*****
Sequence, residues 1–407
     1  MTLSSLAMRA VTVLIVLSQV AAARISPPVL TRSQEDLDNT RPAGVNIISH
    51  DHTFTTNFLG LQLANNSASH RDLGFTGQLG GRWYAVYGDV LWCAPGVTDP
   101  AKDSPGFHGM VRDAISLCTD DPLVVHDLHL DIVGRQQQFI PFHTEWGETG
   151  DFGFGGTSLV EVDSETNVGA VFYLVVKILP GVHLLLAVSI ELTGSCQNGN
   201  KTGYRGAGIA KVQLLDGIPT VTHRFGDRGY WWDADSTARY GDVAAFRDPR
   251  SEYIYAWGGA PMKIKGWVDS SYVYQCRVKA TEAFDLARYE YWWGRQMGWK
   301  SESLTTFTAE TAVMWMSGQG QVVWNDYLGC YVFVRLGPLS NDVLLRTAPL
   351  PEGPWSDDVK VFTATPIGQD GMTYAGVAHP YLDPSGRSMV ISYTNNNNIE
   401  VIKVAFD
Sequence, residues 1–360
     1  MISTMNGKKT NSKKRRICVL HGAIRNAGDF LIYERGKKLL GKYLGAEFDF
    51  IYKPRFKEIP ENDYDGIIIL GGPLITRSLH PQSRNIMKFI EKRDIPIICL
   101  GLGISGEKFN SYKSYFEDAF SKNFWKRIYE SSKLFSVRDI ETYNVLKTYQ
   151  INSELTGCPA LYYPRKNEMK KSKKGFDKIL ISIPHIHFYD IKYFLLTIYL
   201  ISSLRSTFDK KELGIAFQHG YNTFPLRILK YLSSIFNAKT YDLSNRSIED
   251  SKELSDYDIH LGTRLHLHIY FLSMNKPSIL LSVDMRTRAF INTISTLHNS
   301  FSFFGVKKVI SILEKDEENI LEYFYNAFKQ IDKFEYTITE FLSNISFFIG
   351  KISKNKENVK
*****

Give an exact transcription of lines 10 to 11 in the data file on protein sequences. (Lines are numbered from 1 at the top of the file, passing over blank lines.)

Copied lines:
   401  VIKVAFD
Sequence, residues 1–360